Age as a determinant of inflammatory response and survival of glia and axons after human traumatic spinal cord injury

Julio C. Furlan, Yang Liu, W. Dalton Dietrich, Michael D. Norenberg, Michael G. Fehlings

Research output: Contribution to journalArticlepeer-review

Abstract

Despite the shift in the demographics of traumatic spinal cord injury (SCI) with increased proportion of injuries in the elderly, little is known on the potential effects of old age on the pathobiology of SCI. Since there is an assumption that age adversely affects neural response to SCI, this study examines the clinically relevant question on whether age is a key determinant of inflammatory response, oligodendroglial apoptosis and axonal survival after traumatic SCI. This unique study includes post-mortem spinal cord tissue from 64 cases of SCI (at cervical or high-thoracic levels) and 38 control cases without CNS injury. Each group was subdivided into subgroups of younger and elderly individuals (65 years of age or older at the SCI onset). The results of this study indicate that age at the SCI onset does not adversely affect the cellular inflammatory response to, oligodendroglial apoptosis and axonal survival after SCI. These results support the conclusion that elderly individuals have similar neurobiological responses to SCI as younger people and, hence, treatment decisions should be based on an assessment of the individual patient and not an arbitrary assumption that “advanced age” should exclude patients with an acute SCI from access to advanced care and translational therapies.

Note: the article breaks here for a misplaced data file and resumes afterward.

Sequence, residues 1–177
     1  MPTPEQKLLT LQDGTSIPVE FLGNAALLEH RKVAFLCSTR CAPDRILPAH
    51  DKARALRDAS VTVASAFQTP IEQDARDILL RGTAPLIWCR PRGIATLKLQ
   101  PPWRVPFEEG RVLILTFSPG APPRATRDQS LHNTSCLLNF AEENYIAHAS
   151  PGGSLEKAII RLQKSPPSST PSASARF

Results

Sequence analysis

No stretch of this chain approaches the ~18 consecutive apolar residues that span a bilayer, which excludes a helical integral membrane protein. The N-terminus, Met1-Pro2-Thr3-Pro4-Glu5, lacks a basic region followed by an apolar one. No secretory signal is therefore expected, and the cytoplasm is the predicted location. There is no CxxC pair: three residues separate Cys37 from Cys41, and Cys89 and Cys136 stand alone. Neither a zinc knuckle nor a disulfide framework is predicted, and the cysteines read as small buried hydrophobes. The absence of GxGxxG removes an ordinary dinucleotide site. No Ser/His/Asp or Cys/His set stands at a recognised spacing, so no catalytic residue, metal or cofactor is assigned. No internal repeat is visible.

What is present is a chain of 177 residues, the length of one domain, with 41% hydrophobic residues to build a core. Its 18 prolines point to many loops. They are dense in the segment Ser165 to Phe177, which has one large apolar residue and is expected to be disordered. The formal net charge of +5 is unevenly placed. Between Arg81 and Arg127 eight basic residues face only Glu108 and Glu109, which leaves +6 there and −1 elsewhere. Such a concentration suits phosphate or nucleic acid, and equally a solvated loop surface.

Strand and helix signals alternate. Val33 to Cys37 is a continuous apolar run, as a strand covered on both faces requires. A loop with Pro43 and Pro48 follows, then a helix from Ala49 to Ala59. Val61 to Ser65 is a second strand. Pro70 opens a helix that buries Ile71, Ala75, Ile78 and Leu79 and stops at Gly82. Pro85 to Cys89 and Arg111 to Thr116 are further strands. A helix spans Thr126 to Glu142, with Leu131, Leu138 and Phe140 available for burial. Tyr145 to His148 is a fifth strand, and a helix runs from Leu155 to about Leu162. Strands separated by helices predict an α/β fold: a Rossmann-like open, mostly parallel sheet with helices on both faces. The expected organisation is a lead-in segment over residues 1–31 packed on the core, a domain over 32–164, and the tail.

Original languageEnglish (US)
Article number113401
JournalExperimental neurology
Volume332
DOIs
StatePublished - Oct 2020

Keywords

  • Age
  • Aging
  • Apoptosis
  • Axonal survival
  • Neuroinflammation
  • Spinal cord injury

ASJC Scopus subject areas

  • Neurology
  • Developmental Neuroscience

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